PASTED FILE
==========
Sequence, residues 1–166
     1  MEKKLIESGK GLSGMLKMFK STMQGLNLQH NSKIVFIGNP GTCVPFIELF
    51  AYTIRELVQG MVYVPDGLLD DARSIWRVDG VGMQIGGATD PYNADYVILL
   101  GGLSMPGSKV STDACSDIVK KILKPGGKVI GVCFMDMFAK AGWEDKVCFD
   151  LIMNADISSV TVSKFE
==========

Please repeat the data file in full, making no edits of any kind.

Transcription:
Sequence, residues 1–166
     1  MEKKLIESGK GLSGMLKMFK STMQGLNLQH NSKIVFIGNP GTCVPFIELF
    51  AYTIRELVQG MVYVPDGLLD DARSIWRVDG VGMQIGGATD PYNADYVILL
   101  GGLSMPGSKV STDACSDIVK KILKPGGKVI GVCFMDMFAK AGWEDKVCFD
   151  LIMNADISSV TVSKFE